In Abbot Kinney Co. v. Harrah, 84 Cal.App.2d 728, 733, 191 P.2d 761, this court also held sufficient a similar allegation of conspiracy. Like rulings were made in Moropoulos v. C. H. & O. B. Fuller Co., 186 Cal. 679, 682, 688, 200 P. 601; Mox, Inc., v. Woods, 202 Cal. 675, 677, 262 P. 302. See also Witkin, California Procedure, Vol. 2, sec. 469, pp. 1457–8.

The view that defendant Murchison must be shown to have done some overt and independently tortious act in order to be liable as a conspirator is a mistaken one. In the California Auto Court Ass'n v. Cohn case, supra, 98 Cal.App.2d 145, at page 149, 219 P.2d 511, at page 514, the court also said: ‘Each participant in the wrongful act is responsible as a joint tort-feasor for all damages ensuing from the wrong, regardless of whether or not he was a direct actor and of the degree of his activity. Mox, Inc., v. Woods, 202 Cal. 675, 262 P. 302. Furthermore, because of the inherent difficulty in proving a conspiracy, it has been held that a conspiracy may sometimes be inferred from the nature of the acts done, the relations of the parties, the interests of the alleged conspirators, and other circumstances. Anderson v. Thacher, 76 Cal.App.2d 50, 72, 172 P.2d 533.’ Mox, Inc., v. Woods, supra, 202 Cal. at pages 677–678, 262 P. at page 303: ‘In such an action, the major significance of the conspiracy lies in the fact that it renders each participant in the wrongful act responsible as a joint tort-feasor for all damages ensuing from the wrong, irrespective of whether or not he was a direct actor and regardless of the degree of his activity. [Citing cases.] A plaintiff is entitled to a joint recovery of damages against such defendants as he can show have united or cooperated in inflicting a wrong upon him. [Citing cases.] The advantage gained in charging a conspiracy is that the act of one during the conspiracy is the act of all if done in furtherance thereof, and thus defendants may be held liable who in fact committed no overt act whatsoever and gained no benefit therefrom.’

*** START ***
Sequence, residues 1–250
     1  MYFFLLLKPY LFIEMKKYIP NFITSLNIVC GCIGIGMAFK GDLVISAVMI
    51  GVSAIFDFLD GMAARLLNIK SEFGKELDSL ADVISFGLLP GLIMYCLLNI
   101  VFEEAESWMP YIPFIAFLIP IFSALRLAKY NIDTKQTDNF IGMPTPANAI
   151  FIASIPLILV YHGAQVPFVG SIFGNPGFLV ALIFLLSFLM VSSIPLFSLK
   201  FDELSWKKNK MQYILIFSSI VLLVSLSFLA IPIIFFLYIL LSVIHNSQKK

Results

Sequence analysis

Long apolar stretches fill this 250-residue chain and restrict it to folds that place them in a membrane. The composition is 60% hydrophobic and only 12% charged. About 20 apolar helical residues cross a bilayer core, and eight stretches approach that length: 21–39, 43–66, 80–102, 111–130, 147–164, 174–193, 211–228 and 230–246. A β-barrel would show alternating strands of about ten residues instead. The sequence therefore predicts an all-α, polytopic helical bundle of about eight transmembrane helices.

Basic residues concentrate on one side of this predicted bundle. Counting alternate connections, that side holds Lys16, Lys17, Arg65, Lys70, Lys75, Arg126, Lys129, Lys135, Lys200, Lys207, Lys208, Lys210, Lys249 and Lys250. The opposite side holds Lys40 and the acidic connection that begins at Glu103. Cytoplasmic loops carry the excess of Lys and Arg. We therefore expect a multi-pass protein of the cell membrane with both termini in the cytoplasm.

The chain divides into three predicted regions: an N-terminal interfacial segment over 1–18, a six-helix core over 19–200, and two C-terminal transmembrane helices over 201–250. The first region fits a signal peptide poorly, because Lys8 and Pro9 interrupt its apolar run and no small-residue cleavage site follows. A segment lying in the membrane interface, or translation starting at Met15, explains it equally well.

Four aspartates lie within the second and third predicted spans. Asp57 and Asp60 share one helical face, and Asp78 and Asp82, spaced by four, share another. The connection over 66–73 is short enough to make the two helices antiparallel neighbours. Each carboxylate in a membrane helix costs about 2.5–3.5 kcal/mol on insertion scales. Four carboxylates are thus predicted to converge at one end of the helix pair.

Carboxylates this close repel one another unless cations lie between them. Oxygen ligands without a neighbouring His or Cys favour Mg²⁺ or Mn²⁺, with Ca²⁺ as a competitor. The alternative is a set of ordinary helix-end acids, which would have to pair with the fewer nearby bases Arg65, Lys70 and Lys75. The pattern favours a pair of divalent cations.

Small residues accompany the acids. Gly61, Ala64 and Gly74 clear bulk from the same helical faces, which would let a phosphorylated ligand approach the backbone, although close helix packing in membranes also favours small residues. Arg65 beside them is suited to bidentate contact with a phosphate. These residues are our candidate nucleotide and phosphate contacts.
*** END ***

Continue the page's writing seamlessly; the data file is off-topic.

The opening statement revealed that ‘defendant Mr. Murchison was the attorney for the defendant Ormsby during a substantial period of the time and is now representing some additional parties.’ It also covered the fact of conspiracy both by direct charge and citation of acts alleged to have been done by defendant Murchison which would tend substantially to prove indirectly the alleged concert of action. Counsel also detailed a large number of overt acts in furtherance of the conspiracy which he claimed to have been done by Murchison. In short, his statement covered the allegations of the complaint as above summarized. And counsel's statement, viewed impersonally and objectively, disclosed facts which if proved would be sufficient to establish a conspiracy and Murchison's participation in and furtherance of the same.